Taraporevala, writer of films like Salaam Bombay (1989), The Namesake (2007) reflected on it saying, "I was a still photographer at the age of 18, handling equipment. Somehow, that was more threatening, women operating equipment. We now see more writers, directors, producers, but we see few photographers, cinematographers, or gaffers who are women. I think when that happens we really will have a great filmmaking community. But it is getting there." She went on to add that the film Taraporevala is currently working on has a crew filled with 85% women.

Salke, head, Amazon Studios, shed some light on how the decision making process in terms of selecting content for the streaming platform has also changed.

Referring to the growing percentage of women filmmakers driving content, Salke said, "Looking at a full list of male and female directors, we don't make decisions like that. But it is changing. We have five movies there. We did four of these movies and were directed by women. But that was never in the conversation. We loved the movies. And afterward we noticed it."

Referring to the 4% challenge of announcing a project with a female filmmaker within the next 18 months, Salke said "We do see change. We signed the 4% challenge, and we do way better than that as a company. I think there are so much opportunities for female directors and writers to craft their own narrative."

Vidya agreed that there is a need to take a stand to force diversity, she said, "I do believe so. History has shown us that there are not too many examples of women being granted that opportunity. So, only if you open up the opportunity will you know how many women have a chance of doing it well. That push is intentional."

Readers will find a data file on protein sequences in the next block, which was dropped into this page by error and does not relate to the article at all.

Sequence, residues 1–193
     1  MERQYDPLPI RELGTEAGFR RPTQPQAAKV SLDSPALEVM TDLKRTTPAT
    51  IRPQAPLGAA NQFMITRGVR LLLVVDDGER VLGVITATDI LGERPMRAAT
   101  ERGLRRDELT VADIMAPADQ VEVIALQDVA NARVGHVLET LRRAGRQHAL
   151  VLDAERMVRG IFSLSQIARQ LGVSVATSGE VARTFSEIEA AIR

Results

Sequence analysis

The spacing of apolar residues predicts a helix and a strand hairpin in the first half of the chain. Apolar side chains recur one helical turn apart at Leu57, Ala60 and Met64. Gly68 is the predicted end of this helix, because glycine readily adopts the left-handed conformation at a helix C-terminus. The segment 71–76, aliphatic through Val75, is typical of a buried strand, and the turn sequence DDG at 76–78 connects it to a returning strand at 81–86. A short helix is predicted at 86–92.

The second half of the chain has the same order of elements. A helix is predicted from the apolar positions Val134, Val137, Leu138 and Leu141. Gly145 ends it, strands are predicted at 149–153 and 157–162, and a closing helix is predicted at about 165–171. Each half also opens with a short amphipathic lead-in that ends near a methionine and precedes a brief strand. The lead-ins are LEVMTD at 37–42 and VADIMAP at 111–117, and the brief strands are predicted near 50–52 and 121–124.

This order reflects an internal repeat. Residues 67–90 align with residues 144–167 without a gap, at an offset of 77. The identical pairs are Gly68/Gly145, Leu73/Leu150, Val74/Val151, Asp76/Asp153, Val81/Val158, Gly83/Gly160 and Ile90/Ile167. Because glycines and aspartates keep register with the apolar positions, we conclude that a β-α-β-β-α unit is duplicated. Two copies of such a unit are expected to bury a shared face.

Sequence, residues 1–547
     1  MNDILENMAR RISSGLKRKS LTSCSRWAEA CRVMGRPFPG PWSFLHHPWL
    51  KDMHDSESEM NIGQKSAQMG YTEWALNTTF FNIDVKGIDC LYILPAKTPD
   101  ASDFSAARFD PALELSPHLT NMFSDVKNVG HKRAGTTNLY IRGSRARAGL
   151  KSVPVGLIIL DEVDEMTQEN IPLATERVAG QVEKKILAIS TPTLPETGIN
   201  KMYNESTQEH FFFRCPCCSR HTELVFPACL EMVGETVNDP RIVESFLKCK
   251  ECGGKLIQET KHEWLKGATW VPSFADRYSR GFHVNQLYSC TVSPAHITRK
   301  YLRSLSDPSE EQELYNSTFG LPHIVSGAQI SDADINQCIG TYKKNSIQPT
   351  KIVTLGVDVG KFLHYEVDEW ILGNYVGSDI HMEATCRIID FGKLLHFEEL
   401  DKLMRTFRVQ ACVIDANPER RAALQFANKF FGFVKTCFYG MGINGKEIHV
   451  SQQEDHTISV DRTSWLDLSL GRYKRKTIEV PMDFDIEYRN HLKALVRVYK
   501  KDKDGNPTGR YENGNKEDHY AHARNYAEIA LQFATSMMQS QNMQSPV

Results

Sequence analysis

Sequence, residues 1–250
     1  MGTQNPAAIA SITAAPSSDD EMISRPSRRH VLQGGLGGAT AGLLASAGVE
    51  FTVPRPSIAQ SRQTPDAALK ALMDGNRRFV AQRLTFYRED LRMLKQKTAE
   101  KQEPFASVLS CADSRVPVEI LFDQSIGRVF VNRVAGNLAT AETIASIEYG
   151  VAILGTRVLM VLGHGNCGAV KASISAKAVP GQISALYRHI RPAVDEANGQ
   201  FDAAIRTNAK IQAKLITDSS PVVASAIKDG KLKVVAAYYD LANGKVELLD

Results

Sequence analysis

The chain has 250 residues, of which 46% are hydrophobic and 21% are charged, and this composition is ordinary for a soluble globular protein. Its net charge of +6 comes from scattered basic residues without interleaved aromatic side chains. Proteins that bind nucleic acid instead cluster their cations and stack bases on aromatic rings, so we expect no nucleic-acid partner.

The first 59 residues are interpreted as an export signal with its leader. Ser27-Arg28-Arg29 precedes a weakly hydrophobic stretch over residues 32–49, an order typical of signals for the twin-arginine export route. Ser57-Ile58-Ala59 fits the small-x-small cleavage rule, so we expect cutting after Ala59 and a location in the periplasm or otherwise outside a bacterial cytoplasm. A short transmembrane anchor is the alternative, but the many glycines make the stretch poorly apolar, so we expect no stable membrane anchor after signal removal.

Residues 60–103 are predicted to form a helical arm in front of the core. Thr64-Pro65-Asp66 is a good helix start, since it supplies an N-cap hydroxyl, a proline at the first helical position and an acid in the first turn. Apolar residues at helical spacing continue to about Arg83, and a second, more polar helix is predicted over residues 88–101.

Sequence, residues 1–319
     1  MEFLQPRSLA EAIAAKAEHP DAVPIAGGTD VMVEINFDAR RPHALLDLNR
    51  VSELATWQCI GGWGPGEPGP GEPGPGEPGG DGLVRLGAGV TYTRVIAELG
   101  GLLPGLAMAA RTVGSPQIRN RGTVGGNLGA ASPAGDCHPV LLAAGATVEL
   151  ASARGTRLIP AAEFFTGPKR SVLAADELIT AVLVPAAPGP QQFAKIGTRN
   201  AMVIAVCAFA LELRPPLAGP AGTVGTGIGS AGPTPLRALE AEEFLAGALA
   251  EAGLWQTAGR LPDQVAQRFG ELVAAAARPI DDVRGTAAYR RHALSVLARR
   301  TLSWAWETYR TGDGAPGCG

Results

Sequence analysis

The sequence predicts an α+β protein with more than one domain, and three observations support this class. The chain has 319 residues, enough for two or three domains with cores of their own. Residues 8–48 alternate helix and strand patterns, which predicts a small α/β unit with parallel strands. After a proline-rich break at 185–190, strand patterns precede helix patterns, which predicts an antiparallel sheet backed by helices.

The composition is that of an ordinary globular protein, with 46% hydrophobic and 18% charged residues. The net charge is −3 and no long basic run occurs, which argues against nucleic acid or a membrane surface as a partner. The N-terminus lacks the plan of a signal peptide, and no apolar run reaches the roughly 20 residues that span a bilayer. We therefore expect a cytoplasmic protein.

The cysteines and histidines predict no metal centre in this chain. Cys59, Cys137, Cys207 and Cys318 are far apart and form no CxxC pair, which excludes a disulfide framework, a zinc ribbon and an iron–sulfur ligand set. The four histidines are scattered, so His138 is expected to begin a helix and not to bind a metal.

Comedian Sumukhi Suresh brought the roof down with her comment about being a 'female comedian'. "Every year on the 8th March I get calls asking 'How does it feel to be a female comedian?'" Sumukhi said rolling her eyes. She added, "When we class ourselves as a female director or actor, we are limiting ourselves. I would rather be called a good comedian."

Despite the growing presence of women in all fields of cinema and digital entertainment, Dhaliwal remains unconvinced. Pointing to the disparity between the number of male-led films and female-led films, she said, "There is a growing change, but it is not enough. There are not enough female writers to change the narrative and shape the stories that need to be told."

However, the panel was certain of a positive influence. As Salke added, "This is the first time in a while that cash is chasing content." To which Akhtar added, "Artistes are always running after money, this is probably the best time that money is chasing content finally."

When journalist Sengupta pointed out to the absence of men in the dialogue, Vidya quipped, "We have heard them for so long. We are no longer interested in what they have to say. This is their time to listen."

Monga clarified saying, "We cannot take away that there has been suppression of expression, for so long. Hence, this conversation, which is out loud. This has led to women being very competitive. We are not one or the other, we are the same team."

The last word was left to Taraporevala, who sagely suggested that the 'need of the hour is to be nuanced.' She said, "As a writer, I find it very difficult to put people in boxes, whether they are male or female. I think the need of the hour is to be nuanced, and not black and white. I think we need to understand each other, and love each other as we progress."